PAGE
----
Magazine article Science News

Poodle DNA Compared with That of Mice, People

Magazine article Science News

Poodle DNA Compared with That of Mice, People

Article excerpt

Chihuahuas, Irish wolfhounds, pit bulls, beagles, greyhounds, and more. Man's best friend comes in a range of sizes, shapes, and temperaments unmatched by any other mammalian species. Biologists have now taken a step toward understanding that diversity by conducting a limited, but relatively quick and inexpensive, scan of one dog's full DNA sequence, or genome.

The data from this scan should ultimately help researchers study the more-than-300 human diseases, such as cancer and epilepsy, that also afflict dogs. The new work has already enabled scientists to compare the mouse, dog, and human genomes.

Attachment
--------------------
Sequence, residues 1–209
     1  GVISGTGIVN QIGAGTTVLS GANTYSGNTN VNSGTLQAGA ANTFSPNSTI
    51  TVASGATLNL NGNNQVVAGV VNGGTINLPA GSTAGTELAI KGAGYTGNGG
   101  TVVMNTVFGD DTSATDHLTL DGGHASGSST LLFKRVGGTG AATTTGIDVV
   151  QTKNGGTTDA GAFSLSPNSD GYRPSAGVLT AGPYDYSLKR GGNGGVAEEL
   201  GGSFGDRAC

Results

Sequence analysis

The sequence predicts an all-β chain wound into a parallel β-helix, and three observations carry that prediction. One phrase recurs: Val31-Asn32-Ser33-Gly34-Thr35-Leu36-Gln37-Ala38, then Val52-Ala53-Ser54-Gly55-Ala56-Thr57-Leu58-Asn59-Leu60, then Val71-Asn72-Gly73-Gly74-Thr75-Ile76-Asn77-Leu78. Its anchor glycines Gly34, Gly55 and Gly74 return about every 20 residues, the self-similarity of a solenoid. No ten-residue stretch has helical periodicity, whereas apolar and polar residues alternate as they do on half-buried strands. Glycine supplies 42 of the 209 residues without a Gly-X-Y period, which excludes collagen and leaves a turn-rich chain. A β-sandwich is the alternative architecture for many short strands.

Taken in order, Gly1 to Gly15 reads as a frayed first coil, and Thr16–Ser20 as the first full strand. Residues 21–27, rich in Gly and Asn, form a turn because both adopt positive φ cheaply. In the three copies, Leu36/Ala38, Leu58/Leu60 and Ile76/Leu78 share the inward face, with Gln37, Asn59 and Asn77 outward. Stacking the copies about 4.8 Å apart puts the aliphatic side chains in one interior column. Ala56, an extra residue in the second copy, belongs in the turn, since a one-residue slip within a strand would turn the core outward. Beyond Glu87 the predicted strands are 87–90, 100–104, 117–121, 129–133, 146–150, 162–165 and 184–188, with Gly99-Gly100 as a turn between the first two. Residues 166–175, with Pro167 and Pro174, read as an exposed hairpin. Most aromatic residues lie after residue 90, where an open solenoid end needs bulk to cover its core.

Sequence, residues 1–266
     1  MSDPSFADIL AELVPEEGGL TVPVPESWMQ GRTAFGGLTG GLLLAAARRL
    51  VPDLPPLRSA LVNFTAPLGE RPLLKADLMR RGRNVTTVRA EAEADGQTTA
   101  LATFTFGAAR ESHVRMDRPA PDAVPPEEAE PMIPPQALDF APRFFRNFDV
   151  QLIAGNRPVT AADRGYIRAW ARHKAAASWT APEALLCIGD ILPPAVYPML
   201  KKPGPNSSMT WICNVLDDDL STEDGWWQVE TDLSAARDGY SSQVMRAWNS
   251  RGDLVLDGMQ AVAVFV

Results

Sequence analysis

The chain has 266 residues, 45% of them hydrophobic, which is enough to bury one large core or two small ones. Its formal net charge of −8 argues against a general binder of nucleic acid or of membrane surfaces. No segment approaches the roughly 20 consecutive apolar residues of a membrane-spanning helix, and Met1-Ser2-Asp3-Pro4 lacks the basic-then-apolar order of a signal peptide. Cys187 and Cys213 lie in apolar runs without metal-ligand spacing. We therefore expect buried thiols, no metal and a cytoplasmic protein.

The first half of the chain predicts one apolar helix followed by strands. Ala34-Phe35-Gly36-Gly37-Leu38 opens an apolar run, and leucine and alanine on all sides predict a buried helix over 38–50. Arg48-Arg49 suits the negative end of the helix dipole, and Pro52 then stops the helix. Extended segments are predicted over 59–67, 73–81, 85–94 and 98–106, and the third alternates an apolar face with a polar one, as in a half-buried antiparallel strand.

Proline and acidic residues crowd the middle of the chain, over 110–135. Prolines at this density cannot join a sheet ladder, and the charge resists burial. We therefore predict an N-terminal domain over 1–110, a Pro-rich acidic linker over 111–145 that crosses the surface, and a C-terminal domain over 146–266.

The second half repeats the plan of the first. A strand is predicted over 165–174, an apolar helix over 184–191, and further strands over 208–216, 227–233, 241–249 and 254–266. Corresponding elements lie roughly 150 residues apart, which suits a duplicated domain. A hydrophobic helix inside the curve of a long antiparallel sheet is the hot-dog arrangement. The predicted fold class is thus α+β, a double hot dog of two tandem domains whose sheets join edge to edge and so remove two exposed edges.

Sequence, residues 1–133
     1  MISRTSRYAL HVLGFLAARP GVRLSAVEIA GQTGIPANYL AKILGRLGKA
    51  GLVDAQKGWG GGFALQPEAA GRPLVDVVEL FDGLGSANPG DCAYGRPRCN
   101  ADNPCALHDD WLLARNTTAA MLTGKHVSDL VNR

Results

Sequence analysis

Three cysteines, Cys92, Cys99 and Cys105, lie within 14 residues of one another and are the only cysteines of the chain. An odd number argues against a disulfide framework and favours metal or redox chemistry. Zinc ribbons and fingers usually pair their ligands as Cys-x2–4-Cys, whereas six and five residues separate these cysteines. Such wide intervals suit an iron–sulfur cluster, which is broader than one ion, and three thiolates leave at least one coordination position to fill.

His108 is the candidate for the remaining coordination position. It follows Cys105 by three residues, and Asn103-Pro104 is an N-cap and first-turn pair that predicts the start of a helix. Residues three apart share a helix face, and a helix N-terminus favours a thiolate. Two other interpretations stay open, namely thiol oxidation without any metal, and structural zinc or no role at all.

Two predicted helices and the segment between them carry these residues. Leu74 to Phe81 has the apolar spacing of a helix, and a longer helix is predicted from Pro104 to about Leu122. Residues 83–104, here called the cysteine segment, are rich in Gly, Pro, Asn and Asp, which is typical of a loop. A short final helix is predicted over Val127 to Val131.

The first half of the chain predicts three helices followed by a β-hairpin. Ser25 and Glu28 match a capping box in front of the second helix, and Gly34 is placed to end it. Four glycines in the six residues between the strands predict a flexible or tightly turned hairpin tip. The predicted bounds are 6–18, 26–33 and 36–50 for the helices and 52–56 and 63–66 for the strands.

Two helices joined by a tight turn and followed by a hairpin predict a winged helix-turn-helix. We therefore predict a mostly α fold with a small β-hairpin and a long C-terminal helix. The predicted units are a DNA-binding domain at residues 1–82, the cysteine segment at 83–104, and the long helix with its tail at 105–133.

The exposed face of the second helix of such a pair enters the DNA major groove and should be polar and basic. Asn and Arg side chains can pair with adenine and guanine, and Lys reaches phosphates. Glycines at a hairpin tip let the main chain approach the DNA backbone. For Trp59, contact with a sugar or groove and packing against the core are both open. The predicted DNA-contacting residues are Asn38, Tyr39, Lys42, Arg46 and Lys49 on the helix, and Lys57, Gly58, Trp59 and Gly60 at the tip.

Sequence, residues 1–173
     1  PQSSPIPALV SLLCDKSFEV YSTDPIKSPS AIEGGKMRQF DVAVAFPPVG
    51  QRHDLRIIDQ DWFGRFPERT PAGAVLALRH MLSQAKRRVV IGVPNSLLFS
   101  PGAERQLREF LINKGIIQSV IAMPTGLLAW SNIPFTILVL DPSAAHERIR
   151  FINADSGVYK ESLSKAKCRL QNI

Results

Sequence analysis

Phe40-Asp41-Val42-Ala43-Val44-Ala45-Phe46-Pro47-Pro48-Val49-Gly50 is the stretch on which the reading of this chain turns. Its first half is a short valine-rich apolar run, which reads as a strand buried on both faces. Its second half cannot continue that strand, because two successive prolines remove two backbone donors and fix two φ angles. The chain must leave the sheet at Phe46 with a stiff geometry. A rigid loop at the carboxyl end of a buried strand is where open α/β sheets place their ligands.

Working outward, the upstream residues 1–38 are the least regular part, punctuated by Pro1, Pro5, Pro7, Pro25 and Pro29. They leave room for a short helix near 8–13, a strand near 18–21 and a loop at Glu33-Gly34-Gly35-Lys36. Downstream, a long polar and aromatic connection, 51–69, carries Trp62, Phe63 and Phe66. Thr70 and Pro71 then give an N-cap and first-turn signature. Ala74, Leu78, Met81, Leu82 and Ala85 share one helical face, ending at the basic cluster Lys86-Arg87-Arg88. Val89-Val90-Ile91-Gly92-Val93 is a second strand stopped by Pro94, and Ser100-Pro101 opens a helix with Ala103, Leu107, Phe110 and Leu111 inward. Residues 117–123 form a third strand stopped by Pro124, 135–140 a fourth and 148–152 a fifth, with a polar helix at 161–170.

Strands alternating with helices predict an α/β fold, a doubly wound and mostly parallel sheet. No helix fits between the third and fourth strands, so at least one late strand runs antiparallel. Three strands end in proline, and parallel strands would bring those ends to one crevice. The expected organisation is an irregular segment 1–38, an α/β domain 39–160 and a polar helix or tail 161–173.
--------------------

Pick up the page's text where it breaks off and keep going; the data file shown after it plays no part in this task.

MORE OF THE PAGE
"The sequence of our genome is more similar to the dog's, despite the fact that the dog lineage split off first from the common ancestor," of all three mammals, says Ewen F. Kirkness of The Institute for Genomic Research (TIGR) in Rockville, Md., who led the dog-genome project. The rodent's unusually high mutation rate has made its DNA diverge more from people's than the dog's DNA has, he explains.

In the strategy pursued by Kirkness' team, biologists isolate copies of an animal's genome and break the strands of DNA into millions of short fragments. After determining the sequence of nucleotides making up each such piece of DNA, biologists use a computer to match overlapping sequences and piece together as much of the animal's full DNA sequence as possible. The more DNA analyzed, the better the chance that the final genome sequence will be accurate and have few gaps. …

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